Kathleen Labedz, of Haverford, always wanted to go to college, but she was too busy raising her children.
Once she got to college, it became a family affair.
“I am the first of my six siblings to get a degree, which I got at Montgomery County Community College,” Labedz said. “My siblings are proud of me. My wonderful husband is very supportive.” Two of her three children, ages 32, 28, and 30, have earned their bachelor’s degrees.
Labedz parlayed her 2012 associate’s degree in Business Administration with a certificate in Accounting into a position as a billing manager/receptionist for an international forensic accounting firm in Philadelphia.
“Without an associate’s degree, I couldn’t have even applied for the job because [the degree] was a requirement,” Labedz said. “Montgomery County Community College gave me the opportunity to learn accounting and business; so with that background training, I felt more confident to apply for and begin this job.”
She chose the College because it is “in my county and not too expensive. I always wanted to go to college but didn’t have time while my children were growing.”
Pursuing her degree was also convenient. “Since my home is 45 minutes from school, I did my classes online as much as possible and limited my activities at the College.”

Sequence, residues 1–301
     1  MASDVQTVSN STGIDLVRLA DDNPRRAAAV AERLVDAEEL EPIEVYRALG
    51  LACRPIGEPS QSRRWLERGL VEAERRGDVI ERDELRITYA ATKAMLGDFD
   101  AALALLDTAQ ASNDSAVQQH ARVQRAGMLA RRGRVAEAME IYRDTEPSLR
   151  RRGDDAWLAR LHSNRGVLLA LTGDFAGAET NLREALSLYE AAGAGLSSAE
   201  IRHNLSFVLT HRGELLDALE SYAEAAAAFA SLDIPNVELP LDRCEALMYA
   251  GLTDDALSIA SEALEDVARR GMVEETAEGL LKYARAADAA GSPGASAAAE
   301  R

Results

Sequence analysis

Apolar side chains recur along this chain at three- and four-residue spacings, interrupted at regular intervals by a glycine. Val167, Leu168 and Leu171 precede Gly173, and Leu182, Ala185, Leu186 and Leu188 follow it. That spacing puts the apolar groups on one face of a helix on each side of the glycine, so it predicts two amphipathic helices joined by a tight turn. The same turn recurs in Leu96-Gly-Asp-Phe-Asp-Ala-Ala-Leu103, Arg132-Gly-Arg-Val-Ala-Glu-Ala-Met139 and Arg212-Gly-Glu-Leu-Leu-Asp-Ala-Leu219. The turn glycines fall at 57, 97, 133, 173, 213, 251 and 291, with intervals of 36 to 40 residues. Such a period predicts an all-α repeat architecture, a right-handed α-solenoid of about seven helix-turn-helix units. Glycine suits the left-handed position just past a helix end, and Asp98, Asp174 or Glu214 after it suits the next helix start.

But she was able to participate in a panel discussion, which represented an important experience in her college career. “Professor Lee Bender recommended me as an experienced, online student for a student panel, which informed teachers about the students’ experiences at the beginning of the 2011-2012 school year. Dr. Karen Stout asked questions of the panel, and we gave answers that were heard by teachers at both the Blue Bell and Pottstown campuses,” she said,
“I also had wonderful teachers that challenged me, like Professor Bender, and teachers who gave me unique experiences like Professor Buchanan who invited the class to a landfill,” Labedz said.
“I know landfills don’t sound too interesting. But my Earth Science professor invited the class to several places I had never been. The visit was an education. The trash is carefully monitored even decades after it has been covered. I was surprised by the cleanliness of the property. No one would have guessed it to be a landfill; the covered areas looked more like a park.”
Labedz qualified for Pell grants paid for the affordable tuition, which made college possible for her, she said.
~ by Neree Aron-Sando